Phillylacrosse.com celebrates the holiday season by re-posting its All-Phillylacrosse Players and Coaches of the Year and Teams for 2019
By Chris Goldberg
Phillylacrosse.com, Posted 8/26/19, Re-Posted 12/27/19
Bill Leahy had won four previous state championships at La Salle, but his 2019 title – his last – was special for many reasons.
“This team really was better than the sum of its parts,” Leahy said. “That’s the true definition of a team.
“People want you to win when you have guys like (former La Salle Players of the Year and state champions) Tucker Durkin and Matt Rambo. They think you should win with those guys. We had good guys this year, but we were better as a team and that’s why it was so special.”
The Explorers won the PIAA Class AAA championship in 2019 with a 7-5 victory over Conestoga on June 8 at West Chester East. At La Salle, where championships are sometimes expected, this one was less predicted than any other.
The Explorers had lost many of their key players from the two previous teams, both of which had high hopes of winning a state crown. The 2018 squad fell to Manheim Township in the state final.
This year’s team, void of many big-name stars, started a modest 4-3 and was defeated by Conestoga – a perennial state power – by an 11-6 score late in the season. But La Salle won its final nine games, including a dramatic 11-10 double overtime win over Garnet Valley in the state semifinals when the Explorers made up a 6-goal deficit in the final period.
For his accomplishments, Leahy has been named a Phillylacrosse.com Co-Coach of the Year for Boys’ teams (with Academy of the New Church’s Jack Forster, a La Salle alum).
Just weeks after the state title, Leahy announced he was retiring as La Salle coach – the only mentor the school has had. His overall record is a glittering 512-115. His teams won three PIAA championships (2009, 2013, 2019) and two Keystone Cup championships (2004, 2008). La Salle reached a state final in 9 of the past 17 years and won 23 Catholic League championship under Leahy, who started the program from scratch in 1992.
Leahy admitted he was unsure what this Explorers team could attain at the start of the season.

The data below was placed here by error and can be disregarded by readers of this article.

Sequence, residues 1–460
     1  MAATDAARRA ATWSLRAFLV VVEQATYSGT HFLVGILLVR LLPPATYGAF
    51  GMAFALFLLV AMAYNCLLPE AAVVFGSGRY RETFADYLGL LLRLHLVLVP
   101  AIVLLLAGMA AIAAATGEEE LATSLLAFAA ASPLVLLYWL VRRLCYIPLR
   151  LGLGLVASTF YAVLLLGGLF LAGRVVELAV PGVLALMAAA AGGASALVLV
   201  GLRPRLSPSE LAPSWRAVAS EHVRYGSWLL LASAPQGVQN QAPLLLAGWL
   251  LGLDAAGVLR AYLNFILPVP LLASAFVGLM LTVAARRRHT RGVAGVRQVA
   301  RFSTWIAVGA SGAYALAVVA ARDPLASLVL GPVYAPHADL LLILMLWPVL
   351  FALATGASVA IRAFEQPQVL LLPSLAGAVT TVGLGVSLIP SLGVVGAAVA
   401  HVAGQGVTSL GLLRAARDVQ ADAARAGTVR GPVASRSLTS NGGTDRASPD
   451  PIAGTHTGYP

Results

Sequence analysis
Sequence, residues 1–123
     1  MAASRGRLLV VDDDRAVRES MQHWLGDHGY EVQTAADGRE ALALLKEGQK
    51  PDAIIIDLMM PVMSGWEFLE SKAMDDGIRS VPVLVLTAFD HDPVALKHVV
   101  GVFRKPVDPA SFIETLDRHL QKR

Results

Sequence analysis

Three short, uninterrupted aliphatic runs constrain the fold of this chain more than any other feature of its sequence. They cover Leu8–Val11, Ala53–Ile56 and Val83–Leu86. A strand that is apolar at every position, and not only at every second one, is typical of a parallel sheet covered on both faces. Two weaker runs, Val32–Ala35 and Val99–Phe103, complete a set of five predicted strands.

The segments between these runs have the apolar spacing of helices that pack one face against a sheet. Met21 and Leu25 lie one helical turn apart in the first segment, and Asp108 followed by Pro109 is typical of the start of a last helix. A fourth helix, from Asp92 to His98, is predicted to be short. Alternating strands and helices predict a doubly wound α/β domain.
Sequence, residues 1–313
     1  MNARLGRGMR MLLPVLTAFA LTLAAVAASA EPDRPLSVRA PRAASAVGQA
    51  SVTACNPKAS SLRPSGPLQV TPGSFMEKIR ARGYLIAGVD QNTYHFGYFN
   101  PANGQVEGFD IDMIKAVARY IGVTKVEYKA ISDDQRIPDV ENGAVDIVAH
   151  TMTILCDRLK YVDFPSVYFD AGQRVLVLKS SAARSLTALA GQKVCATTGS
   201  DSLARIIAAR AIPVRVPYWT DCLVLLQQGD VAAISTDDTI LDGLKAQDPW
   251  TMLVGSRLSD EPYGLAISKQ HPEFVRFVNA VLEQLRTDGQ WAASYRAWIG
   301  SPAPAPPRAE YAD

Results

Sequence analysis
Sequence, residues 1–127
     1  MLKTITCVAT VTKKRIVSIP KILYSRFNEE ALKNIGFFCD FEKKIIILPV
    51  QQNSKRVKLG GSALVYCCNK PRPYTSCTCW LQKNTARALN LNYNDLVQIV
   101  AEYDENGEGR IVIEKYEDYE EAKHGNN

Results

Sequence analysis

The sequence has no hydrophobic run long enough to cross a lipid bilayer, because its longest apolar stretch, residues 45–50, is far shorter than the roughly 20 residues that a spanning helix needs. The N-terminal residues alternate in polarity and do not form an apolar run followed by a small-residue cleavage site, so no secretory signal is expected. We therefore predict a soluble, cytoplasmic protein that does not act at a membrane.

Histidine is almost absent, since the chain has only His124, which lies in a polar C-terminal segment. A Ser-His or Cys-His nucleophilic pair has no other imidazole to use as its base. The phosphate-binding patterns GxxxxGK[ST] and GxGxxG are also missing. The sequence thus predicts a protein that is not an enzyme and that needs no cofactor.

“We (the coaches) told the guys in the beginning of the season that we would discuss what we thought they could accomplish once we got to May,” he said. “Maybe it meant being Catholic League champs and no more. But by May, we told them we could do more than that – who would have thought?”
Who did? The players did.
After the title, senior attackman Shane Osborne answered the question of whether the players listened to the non-believers: “I am just so proud of the guys – it was cool to see it all come together.
“It’s funny you say that lot of people didn’t believe in us winning this thing. I kept telling guys to believe in themselves and believe in each other. Coach Leahy knows what he’s doing. He is a man who knows how the future is going to pan out. I think it’s his passion; he is the most passionate coach I ever met and he brings the energy every day. I am really proud for him.”
“Not being the favorite actually helped us out a lot this year,” added senior attackman Zac Coar, who had the game-winner against Conestoga. “We came in a lot more hungry and came in anxious.”
Leahy said the Explorers displayed their discipline and smarts in many key moments when things seemed ready to fall apart. One was when they came back from a 10-4 deficit in the final period vs. Garnet Valley in the semifinals. Another was when Conestoga rallied from a 5-2 deficit to tie it at 5-5 in the title game before La Salle took over in the final minutes.
“We played a disciplined first quarter and led, 3-0, and then the wheels came off the bus against Garnet Valley,” said Leahy, who wished to thank his assistants, Associate head coach Tony Resch as well as Brian Harrington, Kevin Dougherty, Andy Hayes and Mike Sabatino. “But the tide changed and they had a non-releasable penalty in the final quarter and we won some faceoffs and we started to believe.
“Same thing in the title game against Conestoga. We got up 3-1 and 5-2 and then they tied it. But we got back to our disciplined, smart style and after winning some faceoffs, we got the key goals.”
Leahy understands how pressures and expectations can weigh down on coaches and players. Knowing that, it was gratifying to close his career at La Salle coaching a team that was so close-knit.
“It’s hard to win a state championship,” he said. “You can have the best and most talented team and you still need some luck. We had good kids that worked hard, and we had good coaches.
“We had a lot of young guys that didn’t play last year. We needed months to move the pieces around and readjust and tweak. By the time we got to the state finals, we had come an awful long way.”
Tags: La Salle